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Tales from the O-NO Ranch

Mad Jack Hanks
Wellington, Colo.

Recently I did a gig that involved about a dozen high school students as well as their instructor and some other adults. Judging by the attire of the students and their behavior, I had decided that all were nice kids, well dressed and not a single redneck in the whole bunch. I don’t think that there was a country kid there, and this presentation was in a country setting.

I watched these kids closely as I began to try and entertain them and the others. I knew that a lot of what I said would go over their heads and have absolutely no meaning what-so-ever! About half of the kids kept their eyes glued on me and were expecting me to entertain them. The other half, along with the instructor, seemed to just stare down at the floor or off into space and just hope that I would stop the bleeding before too long.

Gentle readers, I was right on one count. That is, some of the material that I used about cowboys, etc., just didn’t get through to them at times, or at least some of the time. The eager ones kept the faith and I had their full attention.

I told this little story that made the eager ones bust out “laffin'” and the bored ones force a faint smile. Here’s the story:

A redneck woman goes into the little newspaper office in the community where she resides and tells the editor that she wants to take out an obituary for her recently deceased husband. She asks, “How much do ya get fer an obit?”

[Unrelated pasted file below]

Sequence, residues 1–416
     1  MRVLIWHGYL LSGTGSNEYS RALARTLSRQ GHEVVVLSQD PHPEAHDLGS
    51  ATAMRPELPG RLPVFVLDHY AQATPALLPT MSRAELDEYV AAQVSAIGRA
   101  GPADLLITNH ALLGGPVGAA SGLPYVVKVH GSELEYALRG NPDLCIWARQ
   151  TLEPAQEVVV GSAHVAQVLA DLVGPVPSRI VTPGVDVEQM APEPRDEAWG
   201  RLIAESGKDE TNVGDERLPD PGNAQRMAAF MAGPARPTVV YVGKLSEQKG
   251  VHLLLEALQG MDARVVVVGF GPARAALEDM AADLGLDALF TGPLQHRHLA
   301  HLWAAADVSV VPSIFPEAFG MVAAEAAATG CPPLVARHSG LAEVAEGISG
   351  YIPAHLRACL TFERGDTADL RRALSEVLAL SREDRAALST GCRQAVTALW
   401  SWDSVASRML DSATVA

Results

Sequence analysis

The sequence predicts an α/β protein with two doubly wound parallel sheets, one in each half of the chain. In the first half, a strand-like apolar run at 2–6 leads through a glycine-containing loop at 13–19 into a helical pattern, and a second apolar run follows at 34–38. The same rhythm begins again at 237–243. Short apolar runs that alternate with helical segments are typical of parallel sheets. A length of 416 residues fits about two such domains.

The editor softly says, “It’s 50 cents a word.”

She rubs her chin and spouts, “Okay, write this down! Bubba Smith died March 12, 2005!” 

The editor meekly replies, “Is that all?”

“Yep, that’s all!”

“Well, lady, the cost is 50 cents a word but there is a minimum of $15 for the obit, so you might want to reconsider and add more wording.”

She rubs her chin and again spouts, “Write this down … Bubba Smith died March 12, 2005. Two coon dogs and a 1976 Dodge Power Wagon for sale!”

That is one of my favorite stories and I use it almost every time I go to speak somewhere. Back to the school kids, the ones that were eager to be entertained broke out in loud “laffter” and again, those that just wanted this ole cowboy hayseed to be done with whatever it was I was doin’ did force a faint smile.

In a way I felt a little sadness that I could not get that portion of those kids to let loose and and enjoy themselves. I reckon that their world is so distant from mine that communication through cowboy humor was just not possible. I tried.

Just the same, I had a good time and enjoyed myself and I enjoyed those young folks as well. I know that today’s youth have a lot on their respective plates and I will not pass judgement on their ability to have or not have a good “laff” at “funny stuff!”

Stay tuned, check yer cinch on occasion and I’ll c. ya.


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